Maria Rosario Jackson, a professor at Arizona State University and a native of Los Angeles, has been selected by President Joe Biden as his nominee to chair to National Endowment for the Arts.
The White House also announced that Biden would nominate Shelly Lowe as chair of the National Endowment for the Humanities.
Jackson and Lowe must be confirmed by the Senate.
Both agencies were established in 1965 to provide government grants to arts and humanities organizations and projects.
Jackson already has been a member of the National Council on the Arts, which oversees the NEA, and was a co-chair of the County of Los Angeles Cultural Equity and Inclusion Initiative. She continues to serve as an advisory board member.
She also is on the board of the the Los Angeles County Music Center, the Association of Arts Administration Educators and the Alliance for California Traditional Arts. She also is on the advisory board of L.A. Commons, as well as the Smithsonian Center for Folklife and Cultural Heritage, the Equity Center at the University of Virginia and the Strong, Prosperous and Resilient Communities Challenge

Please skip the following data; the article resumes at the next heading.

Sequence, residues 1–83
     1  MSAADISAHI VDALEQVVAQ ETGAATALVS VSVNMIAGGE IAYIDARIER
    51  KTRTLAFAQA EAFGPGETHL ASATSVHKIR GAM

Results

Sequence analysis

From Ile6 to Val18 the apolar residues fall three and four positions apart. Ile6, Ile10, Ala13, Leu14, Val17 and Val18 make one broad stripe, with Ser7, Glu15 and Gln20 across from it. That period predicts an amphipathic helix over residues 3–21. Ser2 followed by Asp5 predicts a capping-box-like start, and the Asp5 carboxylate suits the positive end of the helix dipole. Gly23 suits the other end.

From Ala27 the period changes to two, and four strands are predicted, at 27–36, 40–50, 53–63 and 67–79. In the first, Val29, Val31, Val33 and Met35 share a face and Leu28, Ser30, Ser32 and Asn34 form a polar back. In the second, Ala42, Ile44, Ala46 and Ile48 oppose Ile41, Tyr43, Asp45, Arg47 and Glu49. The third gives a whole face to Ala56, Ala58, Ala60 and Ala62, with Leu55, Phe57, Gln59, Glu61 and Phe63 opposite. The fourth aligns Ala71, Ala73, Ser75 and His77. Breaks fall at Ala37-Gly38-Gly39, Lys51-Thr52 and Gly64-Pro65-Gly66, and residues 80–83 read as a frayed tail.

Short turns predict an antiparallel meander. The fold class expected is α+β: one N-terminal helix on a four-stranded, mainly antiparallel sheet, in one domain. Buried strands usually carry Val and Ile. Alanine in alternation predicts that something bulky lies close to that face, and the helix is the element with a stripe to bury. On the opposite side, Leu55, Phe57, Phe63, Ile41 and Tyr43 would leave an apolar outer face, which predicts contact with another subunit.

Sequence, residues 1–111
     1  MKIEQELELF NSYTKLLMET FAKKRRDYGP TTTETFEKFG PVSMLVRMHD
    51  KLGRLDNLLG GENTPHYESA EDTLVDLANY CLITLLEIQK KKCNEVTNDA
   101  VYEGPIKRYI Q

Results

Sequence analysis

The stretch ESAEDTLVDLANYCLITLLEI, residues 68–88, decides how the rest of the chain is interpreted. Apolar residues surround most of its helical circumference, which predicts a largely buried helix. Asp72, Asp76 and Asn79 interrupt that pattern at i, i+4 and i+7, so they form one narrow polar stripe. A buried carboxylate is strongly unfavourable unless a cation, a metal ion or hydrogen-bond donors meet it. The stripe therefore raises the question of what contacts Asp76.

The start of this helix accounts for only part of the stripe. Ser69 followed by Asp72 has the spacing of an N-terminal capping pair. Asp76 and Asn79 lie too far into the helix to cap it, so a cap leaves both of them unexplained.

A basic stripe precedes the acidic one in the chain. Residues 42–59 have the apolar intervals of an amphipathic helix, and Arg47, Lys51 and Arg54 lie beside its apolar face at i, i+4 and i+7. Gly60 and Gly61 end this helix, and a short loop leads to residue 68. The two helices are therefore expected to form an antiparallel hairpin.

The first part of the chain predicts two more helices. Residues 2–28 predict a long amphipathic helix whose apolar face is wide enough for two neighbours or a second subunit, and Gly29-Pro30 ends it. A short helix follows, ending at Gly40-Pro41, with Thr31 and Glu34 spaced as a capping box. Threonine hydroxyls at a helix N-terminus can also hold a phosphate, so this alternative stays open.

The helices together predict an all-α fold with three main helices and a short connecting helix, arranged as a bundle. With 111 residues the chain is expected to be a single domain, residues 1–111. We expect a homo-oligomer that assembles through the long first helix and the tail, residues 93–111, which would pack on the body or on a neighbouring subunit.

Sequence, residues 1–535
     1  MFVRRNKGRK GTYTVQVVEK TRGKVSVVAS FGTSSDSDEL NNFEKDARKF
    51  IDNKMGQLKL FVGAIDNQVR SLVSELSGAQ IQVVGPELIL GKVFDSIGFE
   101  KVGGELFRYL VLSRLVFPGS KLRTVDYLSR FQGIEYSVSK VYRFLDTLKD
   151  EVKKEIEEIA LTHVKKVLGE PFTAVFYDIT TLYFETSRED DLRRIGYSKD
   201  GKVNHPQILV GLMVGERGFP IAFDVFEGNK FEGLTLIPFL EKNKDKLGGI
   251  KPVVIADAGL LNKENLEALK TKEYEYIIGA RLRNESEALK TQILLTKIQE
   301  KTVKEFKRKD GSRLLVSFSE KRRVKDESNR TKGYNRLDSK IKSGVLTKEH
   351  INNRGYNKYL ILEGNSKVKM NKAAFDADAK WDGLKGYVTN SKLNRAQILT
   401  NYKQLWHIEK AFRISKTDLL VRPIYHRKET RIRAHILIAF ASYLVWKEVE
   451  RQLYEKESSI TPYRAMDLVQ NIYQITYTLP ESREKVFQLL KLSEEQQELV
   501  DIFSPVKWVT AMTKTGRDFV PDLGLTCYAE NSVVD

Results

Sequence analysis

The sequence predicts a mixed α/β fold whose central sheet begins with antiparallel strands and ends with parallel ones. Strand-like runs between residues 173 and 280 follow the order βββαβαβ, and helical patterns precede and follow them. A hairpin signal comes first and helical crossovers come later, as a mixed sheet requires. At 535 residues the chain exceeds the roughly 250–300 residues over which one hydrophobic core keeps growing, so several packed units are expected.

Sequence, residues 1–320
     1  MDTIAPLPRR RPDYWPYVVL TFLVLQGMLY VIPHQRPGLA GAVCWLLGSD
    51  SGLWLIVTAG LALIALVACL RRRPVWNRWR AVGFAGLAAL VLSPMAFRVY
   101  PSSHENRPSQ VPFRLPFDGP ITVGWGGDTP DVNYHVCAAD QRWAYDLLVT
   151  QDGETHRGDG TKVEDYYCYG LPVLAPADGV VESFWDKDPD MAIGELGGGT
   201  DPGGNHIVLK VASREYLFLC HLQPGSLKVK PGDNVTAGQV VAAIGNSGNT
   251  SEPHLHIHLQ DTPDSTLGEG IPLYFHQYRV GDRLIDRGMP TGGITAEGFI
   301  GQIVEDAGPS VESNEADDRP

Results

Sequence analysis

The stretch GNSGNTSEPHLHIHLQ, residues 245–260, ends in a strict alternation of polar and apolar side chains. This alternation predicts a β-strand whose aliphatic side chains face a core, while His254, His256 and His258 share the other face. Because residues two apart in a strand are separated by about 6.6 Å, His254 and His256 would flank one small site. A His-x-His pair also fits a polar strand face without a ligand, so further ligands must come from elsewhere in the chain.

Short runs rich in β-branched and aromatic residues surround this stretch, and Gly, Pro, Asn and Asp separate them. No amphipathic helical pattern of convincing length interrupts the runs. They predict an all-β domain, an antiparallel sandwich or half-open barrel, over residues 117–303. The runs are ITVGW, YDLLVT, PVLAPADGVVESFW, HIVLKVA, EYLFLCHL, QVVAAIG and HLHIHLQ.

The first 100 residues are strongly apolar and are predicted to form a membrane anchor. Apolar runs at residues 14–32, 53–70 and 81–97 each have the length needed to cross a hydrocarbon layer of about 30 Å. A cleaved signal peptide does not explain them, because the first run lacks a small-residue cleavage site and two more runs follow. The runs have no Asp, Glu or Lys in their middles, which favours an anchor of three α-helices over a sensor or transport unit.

If confirmed, she will be the first African American and Mexican American to serve as chair.
Lowe would be the first Native American to serve as chair of the NEH. She grew up on the Navajo Reservation in Ganado, AZ, and is currently a member of the National Council on the Humanities. She has been executive director of the Harvard University Native American Program, assistant dean in the Yale College Deans Office and director of the Native American Cultural Center at Yale University.
The Trump administration proposed eliminating funding for both agencies, but those efforts went nowhere in Congress. Instead, the agencies have seen their appropriations increase during the period. Biden has yet to nominate members to the National Council on the Arts, a body that includes Jackson as well as Lee Greenwood and Tom Rothman, among others.
In a statement, Jackson said, “I am continuously inspired by the myriad ways in which artists, designers, and culture bearers make a difference, whether it be through celebrated national and international careers or through careers where artists are embedded in our communities, institutions, and organizations helping us to see and act in new ways as we move towards a more perfect union.
“The National Endowment for the Arts is a stellar agency with a solid track record and immense potential as a crucial ally in healing our country and advancing our nation in so many ways. I am honored and thrilled to help shape the critical role of the agency in the years ahead.”
She and her husband, David K. Riddick, live in Los Angeles and Phoenix. She earned a doctorate in urban planning from UCLA and a masters in public administration from USC.
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